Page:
8 | Fanny Kemble
(b. 27/11/1809 d. 1/15/1893)
Born in Britain into a family of actors, Fanny Kemble acted herself before her marriage. After being wed, she moved with her husband to the U.S. in 1834, where he held a plantation. After several years of Kemble’s asking to see the plantation, her husband brought the whole family there in 1838. What she saw there horrified her, and prompted her to write her famous anti-slavery Journal of a Residence on a Georgian Plantation in 1839-1839.
9 | Diana L. Hayes
Diana L. Hayes is a renowned American theologian. In particular, she has studied the history of Black Catholics and worked on Black liberation theology. She is also a feminist, a womanist, and a professor emertita of systematic theology at Georgetown.
10 | Lynda Van Devanter
(b. 5/27/1937 d. 11/15/2002)
Lynda Van Devanter served as an army nurse during the Vietnam War. Her experiences there led her to write a memoir, Home Before Morning, detailing what she saw. Van Devanter was outspoken on behalf of those suffering from PTSD and veterans, particularly female veterans, who received less medical care than their male counterparts.
11 | Sr. Catherine McAuley
(b. 2/29/1778 d. 11/11/1941)
Catherine McAuley founded the Sisters of Mercy in her native Ireland in 1831. Her original vision was to organize lay social workers to educate and shelter women and girls. In the end, she accomplished this ministry not with laypersons but women religious.
12 | Mary Astell
(b. 12/11/1666 d. 5/11/1731)
Mary Astell advocated equal educational opportunities for women, which idea was so unpopular in the England of her time that she published all of her work anonymously. Additionally, she was the head of a charity school for girls which was the first school in England to have an all-female board of governors.
13 | Juliana Dogbadzi
Juliana Dogbadzi is a Ghanian human rights activist. As a young girl, she fell victim to a forced-labor practice known as Trokosi, living essentially as a slave. Dogbadzi has spent the rest of her life campaigning against Trokosi, establishing a non-profit called International Needs Ghana which was freed over 1,000 victims. In 1999, she received the Reebok Human Rights Award.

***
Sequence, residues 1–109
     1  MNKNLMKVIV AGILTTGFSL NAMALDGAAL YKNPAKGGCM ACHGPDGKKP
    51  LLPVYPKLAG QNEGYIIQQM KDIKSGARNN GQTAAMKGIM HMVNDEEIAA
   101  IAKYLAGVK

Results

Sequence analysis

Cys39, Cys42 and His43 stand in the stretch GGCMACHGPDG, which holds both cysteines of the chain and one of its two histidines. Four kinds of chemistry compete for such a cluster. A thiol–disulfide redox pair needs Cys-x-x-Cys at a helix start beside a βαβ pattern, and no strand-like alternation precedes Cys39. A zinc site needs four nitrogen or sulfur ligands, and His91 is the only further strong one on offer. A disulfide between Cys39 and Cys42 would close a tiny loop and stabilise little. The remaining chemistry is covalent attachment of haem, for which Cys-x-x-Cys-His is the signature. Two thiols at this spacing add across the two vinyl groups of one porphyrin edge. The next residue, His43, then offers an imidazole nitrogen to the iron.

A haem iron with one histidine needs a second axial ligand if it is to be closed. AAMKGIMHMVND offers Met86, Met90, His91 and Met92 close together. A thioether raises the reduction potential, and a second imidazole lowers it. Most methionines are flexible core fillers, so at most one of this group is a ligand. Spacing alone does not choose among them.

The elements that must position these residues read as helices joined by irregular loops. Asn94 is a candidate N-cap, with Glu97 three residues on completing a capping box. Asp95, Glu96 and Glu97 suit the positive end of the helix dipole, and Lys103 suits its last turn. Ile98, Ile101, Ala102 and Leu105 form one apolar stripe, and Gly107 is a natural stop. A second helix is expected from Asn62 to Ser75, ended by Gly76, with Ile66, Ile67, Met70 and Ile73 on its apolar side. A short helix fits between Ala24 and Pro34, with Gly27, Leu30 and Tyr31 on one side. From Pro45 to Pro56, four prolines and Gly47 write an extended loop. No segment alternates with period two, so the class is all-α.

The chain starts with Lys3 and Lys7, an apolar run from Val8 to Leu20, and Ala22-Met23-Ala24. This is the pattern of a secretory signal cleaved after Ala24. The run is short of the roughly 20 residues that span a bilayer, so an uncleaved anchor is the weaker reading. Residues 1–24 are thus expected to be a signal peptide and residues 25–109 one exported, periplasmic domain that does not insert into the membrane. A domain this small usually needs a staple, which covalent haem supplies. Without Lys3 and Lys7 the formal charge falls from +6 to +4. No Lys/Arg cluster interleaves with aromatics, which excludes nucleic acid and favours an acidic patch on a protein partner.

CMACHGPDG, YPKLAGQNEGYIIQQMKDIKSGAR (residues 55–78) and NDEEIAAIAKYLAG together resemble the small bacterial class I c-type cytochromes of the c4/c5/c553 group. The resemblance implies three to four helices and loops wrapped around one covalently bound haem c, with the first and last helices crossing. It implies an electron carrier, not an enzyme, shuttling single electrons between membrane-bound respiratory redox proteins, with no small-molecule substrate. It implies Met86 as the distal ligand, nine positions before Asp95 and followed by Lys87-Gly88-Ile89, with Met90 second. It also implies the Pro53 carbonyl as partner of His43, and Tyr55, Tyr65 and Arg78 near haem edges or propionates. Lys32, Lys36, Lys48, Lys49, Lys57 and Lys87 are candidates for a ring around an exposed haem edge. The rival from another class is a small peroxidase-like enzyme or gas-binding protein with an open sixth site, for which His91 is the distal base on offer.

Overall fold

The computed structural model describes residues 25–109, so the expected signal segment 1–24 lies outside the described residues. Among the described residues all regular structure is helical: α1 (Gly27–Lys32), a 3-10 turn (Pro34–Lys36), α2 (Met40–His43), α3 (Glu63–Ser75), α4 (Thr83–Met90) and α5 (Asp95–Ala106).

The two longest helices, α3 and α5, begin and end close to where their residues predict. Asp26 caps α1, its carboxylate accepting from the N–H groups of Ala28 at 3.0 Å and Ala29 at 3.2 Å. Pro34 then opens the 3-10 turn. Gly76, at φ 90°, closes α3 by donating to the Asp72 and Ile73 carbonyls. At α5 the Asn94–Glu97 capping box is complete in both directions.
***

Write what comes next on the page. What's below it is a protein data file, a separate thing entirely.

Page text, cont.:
14 | Julia and Celina Ramos
(b Julia 4/5/1947, Celina 2/23/1976 d.11/11/1989)
Julia Elba Ramos and her daughter Celina moved into the empty room of a Jesuit residence when their own street was bombed in the war in El Salvador. Julia worked there as a cook and housekeeper, while Celina attended highschool. Both were murdered when the El Salvadoran army murdered the Jesuits living there.
15 | Women of Liberia Mass Action for Peace (2003)
The Women of Liberia Mass Action for Peace was a movement to end the second Liberian civil war. It was a cross-class collaboration between Christian and Muslim women that hinged on non-violent protests.
16 | Margaret Hassan
(b. 4/18/1945 d. 11/8/2004)
Margaret Hassan was born in Ireland, then moved to Iraq in 1972 when she married an Iraqi man. There, she taught English before becoming involved with CARE International in 1991. She has at its head when she was murdered in 2004.
17 | Winson Hudson
(b. 17/11/1916 d. 1/5/2004)
Winson Hudson was a teacher and civil rights activist. She taught school in Leake County Mississippi for several years and with the help of Medgar Evers founded a NAACP chapter in the same county. High on her agenda were the issues of school desegregation and voter registration.
18 | Wilma Mankiller
(b. 18/11/1945 d. 6/4/2010)
A-ji-luhsgi Asgaya-dihi, or Wilma Mankiller, was the first female principal chief of the Cherokee nation, a position she held from 1985-1995. She was an activist and politician for many years prior, and had participated in the occupation of Alcatraz. As principal chief, she fought against the mis-approriation of Native culture in addition to promoting health, educational, and cultural initiatives.
19 | Emma Lazarus